In the end, another small tip from the website of the aforementioned Engineering Heritage Australia: “Where do I find engineering heritage? The answer is everywhere! Just look around you and you will see that engineered structures, processes and products provide much of the support for modern society.”

Metaphorically speaking, keep your eyes open for the old lanterns that help to light up our hectic modern lives.  

As Boris Pasternak said, to find real beauty, you don’t have to look high up in the mountains, since there is plenty of it scattered in the grass under your feet; you only have to go to the trouble of bending down and picking it up.

Together, let’s keep those old lanterns burning!

Full terms and conditions are available online

Samples: the hidden engineering heritage of Cambridge

1. Another lantern! This beautifully engineered Victorian lamp post on Millington Road, Cambridge, is thought to have inspired CS Lewis’s description of Narnia in ‘The Lion, the Witch & the Wardrobe’.

Narnia gas lamp in Cambridge

Image credit: Christine Bohling

2. Queens’ College Mathematical Bridge - the popular name of this wooden footbridge, an engineering marvel connecting two parts of Queens’ College, Cambridge. Built by James Essex the Younger in 1749 to the highly unorthodox engineering design of William Etheridge, which makes it appear to be an arch whereas in fact it is composed entirely of straight timbers.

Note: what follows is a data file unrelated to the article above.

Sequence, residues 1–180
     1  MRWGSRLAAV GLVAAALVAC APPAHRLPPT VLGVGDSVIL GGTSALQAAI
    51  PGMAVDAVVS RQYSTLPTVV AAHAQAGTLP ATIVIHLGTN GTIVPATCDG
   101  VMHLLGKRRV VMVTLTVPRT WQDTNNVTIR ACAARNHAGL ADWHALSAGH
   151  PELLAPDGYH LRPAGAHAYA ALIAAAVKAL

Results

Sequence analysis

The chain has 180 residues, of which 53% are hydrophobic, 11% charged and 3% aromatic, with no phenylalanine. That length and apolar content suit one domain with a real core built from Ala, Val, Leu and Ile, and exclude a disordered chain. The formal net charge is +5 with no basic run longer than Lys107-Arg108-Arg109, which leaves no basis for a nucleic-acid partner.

Mathematical bridge Cambridge

Image credit: Christine Bohling

3. The Corpus Clock. A large sculptural clock on the outside of the Library at Corpus Christi College, Cambridge. Unveiled in September 2008 by Stephen Hawking, it has already become part of the city’s cultural heritage thanks to its highly unusual engineering design by Stewart Huxley at Huxley Bertram Engineering, featuring the Chronophage (‘time eater’), a mythical insect appearing to eat up the seconds as it moves. The pendulum of the clock moves erratically, reflecting, according to the designer’s intention, the irregularity of life.

Corpus Clock Cambridge

Image credit: Christine Bohling

4. Not too much technology or science here at a first glance, yet there’s probably more engineering and scientific heritage resting in the Ascension Burial Ground than anywhere else on our planet - hence its reputation as Britain’s and the world’s brainiest cemetery. Among the people buried here are three Nobel prize-winners, seven members of the Order of Merit and over 60 entrants in the Oxford Dictionary of National Biography, including the astronomer John Couch Adams (who mathematically predicted the existence of the planet Neptune), Sir John Cockcroft (who split the atom in 1932) and plenty of famous engineers.

The world's brainiest burial ground

Image credit: Christine Bohling